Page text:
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Lifesaving is the act involving rescue, resuscitation and first aid. It often refers to water safety and aquatic rescue; however, it could include ice rescue, flood and river rescue, swimming pool rescue and other emergency medical services. Lifesaving also refers to sport where lifesavers compete based on skills, speed and teamwork. Lifesaving activities specialized in oceanic environment is called surf lifesaving or coastal lifesaving.
Those who participate in lifesaving activities as a volunteer are called lifesavers, and those who are employed to professionally perform lifesaving activities are called lifeguards.
The first life saving organisation, the Royal National Institution for the Preservation of Life from Shipwreck, was established in England in 1824 by Sir William Hillary. While living on the Isle of Man in 1808, he became aware of the treacherous nature of the Irish Sea, with many ships being wrecked around the Manx coast. He soon drew up plans for a national lifeboat service manned by trained crews, but received little response from the Admiralty.
However, on appealing to the more philanthropic members of London society, the plans were adopted and, with the help of two Members of Parliament (Thomas Wilson and George Hibbert), the National Institution for the Preservation of Life from Shipwreck was founded in 1824.
One of the Institution's first rescues was of the packet St George, which had foundered on Conister Rock at the entrance to Douglas Harbour. Hillary took part in the successful operation and everyone was ultimately rescued. Thirty years later the Institution's title was changed to the Royal National Lifeboat Institution and the first of the new lifeboats to be built was stationed at Douglas in recognition of Hillary's work.
Similar services were established in other countries, in Belgium (1838), Denmark (1848), United States (1848), Sweden (1856), France (1865), Germany (1885), Turkey (1868), Russia (1872), Italy (1879) and Spain (1880). In 1891 the Royal Life Saving Society was created to affiliate British and Irish lifesaving and lifeguarding clubs. It expanded its operations to Canada and Australia in 1894. In 1913 the DLRG was founded in Germany.
The first international lifesaving conference was held in Marseilles, France in 1878, but it was not until 1910 that the first international lifesaving organisation, FIS (Fédération Internationale de Sauvetage Aquatique), was founded.
In 1971 Australia, Great Britain, New Zealand, South Africa and the United States founded another international organization called World Life Saving (WLS). FIS and WLS merged into a new organisation, International Life Saving Federation (ILS) in 1993 with its headquarters in Leuven, Belgium.
The International Life Saving Federation (ILS) was established on 27 March 1910 in Paris, France. The ILS is primarily known as the world authority and head in the global effort to "prevent drowning and regroups national life saving organisations/federations aiming at improving water safety, water rescue, lifesaving and lifeguarding and lifesaving sport".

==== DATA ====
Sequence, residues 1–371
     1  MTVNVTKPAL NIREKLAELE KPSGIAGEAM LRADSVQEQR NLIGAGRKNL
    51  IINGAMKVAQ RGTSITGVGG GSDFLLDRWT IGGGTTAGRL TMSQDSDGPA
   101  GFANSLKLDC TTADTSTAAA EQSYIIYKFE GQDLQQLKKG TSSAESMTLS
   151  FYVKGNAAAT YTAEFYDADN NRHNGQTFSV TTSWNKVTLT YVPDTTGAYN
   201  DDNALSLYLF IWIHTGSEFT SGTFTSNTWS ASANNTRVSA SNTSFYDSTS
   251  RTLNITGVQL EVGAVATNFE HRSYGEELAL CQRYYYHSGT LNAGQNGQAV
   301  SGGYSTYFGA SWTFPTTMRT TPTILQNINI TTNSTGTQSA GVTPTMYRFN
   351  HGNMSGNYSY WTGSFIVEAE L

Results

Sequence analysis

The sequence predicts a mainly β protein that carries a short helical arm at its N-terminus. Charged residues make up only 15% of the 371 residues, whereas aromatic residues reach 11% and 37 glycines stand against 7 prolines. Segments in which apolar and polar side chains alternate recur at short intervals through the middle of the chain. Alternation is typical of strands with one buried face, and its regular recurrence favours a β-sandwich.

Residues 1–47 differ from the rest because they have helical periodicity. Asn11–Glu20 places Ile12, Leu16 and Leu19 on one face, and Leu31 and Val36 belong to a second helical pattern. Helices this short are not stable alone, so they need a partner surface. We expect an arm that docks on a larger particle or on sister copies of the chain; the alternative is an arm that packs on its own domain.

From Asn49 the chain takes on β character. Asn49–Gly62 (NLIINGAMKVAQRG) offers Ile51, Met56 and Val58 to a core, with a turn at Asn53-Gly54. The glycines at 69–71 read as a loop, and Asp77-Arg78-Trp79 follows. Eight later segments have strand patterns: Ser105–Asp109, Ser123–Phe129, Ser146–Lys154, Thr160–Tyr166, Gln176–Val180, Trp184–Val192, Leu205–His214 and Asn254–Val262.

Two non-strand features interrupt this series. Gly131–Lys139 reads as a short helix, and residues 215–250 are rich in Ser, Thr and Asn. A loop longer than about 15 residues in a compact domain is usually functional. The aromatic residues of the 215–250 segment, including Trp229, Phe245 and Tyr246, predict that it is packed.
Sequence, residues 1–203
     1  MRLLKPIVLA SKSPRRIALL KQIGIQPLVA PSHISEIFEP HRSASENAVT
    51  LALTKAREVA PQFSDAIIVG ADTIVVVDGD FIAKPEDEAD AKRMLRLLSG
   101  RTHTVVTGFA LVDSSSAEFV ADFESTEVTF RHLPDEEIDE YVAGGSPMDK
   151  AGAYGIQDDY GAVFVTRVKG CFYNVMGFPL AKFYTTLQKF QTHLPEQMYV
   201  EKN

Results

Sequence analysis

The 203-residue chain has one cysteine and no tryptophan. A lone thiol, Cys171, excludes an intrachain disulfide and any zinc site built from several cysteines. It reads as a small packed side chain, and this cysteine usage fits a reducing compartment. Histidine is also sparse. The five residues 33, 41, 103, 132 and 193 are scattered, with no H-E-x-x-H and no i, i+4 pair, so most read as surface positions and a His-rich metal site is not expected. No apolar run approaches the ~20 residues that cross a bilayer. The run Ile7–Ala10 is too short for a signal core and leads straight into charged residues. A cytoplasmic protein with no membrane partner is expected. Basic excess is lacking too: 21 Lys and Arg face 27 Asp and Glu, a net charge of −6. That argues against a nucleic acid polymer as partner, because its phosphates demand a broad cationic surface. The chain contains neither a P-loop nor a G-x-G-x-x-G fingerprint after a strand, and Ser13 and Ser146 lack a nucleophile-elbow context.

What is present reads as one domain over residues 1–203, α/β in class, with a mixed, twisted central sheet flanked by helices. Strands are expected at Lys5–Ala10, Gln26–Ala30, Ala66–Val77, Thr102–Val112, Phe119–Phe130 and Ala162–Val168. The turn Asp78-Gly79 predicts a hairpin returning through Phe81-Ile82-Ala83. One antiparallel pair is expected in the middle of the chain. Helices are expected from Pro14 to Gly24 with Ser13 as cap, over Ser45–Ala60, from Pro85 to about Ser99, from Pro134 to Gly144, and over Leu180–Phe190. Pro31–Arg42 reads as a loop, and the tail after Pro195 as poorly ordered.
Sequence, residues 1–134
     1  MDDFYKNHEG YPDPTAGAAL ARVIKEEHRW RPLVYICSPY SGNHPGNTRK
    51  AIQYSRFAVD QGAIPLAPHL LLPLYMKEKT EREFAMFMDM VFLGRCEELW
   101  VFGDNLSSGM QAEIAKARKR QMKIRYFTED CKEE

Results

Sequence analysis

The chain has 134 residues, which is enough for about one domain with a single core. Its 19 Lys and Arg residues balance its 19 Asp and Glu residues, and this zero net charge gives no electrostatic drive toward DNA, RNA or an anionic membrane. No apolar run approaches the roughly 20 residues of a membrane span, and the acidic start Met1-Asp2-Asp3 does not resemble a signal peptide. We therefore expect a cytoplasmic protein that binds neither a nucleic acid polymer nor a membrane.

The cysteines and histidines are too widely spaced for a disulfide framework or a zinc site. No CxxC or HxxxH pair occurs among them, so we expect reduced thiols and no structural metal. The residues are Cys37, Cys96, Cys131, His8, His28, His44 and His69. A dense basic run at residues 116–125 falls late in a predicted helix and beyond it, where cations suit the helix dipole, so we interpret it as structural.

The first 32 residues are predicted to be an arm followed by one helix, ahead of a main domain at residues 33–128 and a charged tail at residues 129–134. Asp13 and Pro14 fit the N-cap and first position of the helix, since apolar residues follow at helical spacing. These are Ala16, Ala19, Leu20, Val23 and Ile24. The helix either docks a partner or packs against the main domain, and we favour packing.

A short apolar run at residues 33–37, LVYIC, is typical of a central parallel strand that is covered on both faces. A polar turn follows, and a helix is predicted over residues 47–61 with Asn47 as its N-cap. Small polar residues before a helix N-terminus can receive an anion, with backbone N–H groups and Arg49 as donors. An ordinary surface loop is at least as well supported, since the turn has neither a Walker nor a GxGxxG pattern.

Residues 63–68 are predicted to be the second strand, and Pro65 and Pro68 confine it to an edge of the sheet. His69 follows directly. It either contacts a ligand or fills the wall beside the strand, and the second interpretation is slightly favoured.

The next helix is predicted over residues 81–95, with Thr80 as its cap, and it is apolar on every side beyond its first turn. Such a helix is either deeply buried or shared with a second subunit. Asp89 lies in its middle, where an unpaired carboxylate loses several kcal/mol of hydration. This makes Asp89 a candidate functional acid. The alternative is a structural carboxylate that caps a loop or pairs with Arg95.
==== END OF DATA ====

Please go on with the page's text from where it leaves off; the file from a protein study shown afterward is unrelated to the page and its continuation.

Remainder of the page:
Surf lifesaving developed in Australia and is often simply called "lifesaving". It focuses on drowning prevention and rescue in a coastal setting. General lifesaving does not limit its activities to beaches - its aim is to promote water safety around ponds, lakes, rivers, pools, in the home, at school and in any other applicable environments. This is why landlocked countries like Switzerland, Austria, Kazakhstan, Macedonia, Serbia, Azerbaijan, Czech Republic and Slovakia, are also full members of ILS.
Lifesavers are volunteers and usually stationed at a club house. They provide training for lifesaver/lifeguard qualifications as well as educating the general public.
Life saving has become a growing sport in many countries. The sport can be played indoors in swimming pools or outside on beaches, in the same way that you get pool lifeguards and beach lifeguards.
|ADULT and older CHILD||CHILD 1 to 8 yrs||BABY up to 1 yr|
|CPR ratios for 1 person||30 compressions to 2 breaths||30 compressions to 2 breaths||30 compressions to 2 puffs|
|CPR ratios for 2 persons||30 compressions to 2 breaths||30 compressions to 2 breaths||30 compressions to 2 puffs|
|Chest pressure||2 hands||1-2 hands||2 fingers|
|CPR compression rate||Approximately 100 per minute||Approximately 100 per minute||Approximately 100 per minute|
|Compression depth||One-third of a chest depth||One-third of a chest depth||One-third of a chest depth|
|Rescue breaths||2 full breaths||2 small breaths||2 puffs|
|Breathing rate||1 breath in 1 second||1 small breath in 1 second||1 puff in 1 second|
All collapsed victims should be carefully assessed to decide what emergency care is needed. This method of assessment is known as DRSABCD, this method is explained in the following table.
|D||Check for Dangers|
|S||Send for help|
|A||Clear and open the Airway|
|B||Check for normal Breathing|
|C||Give 30 chest Compressions at 100 per minute, followed by 2 rescue breaths|
|D||Defibrillate - attach AED as soon as available. Follow the prompts.|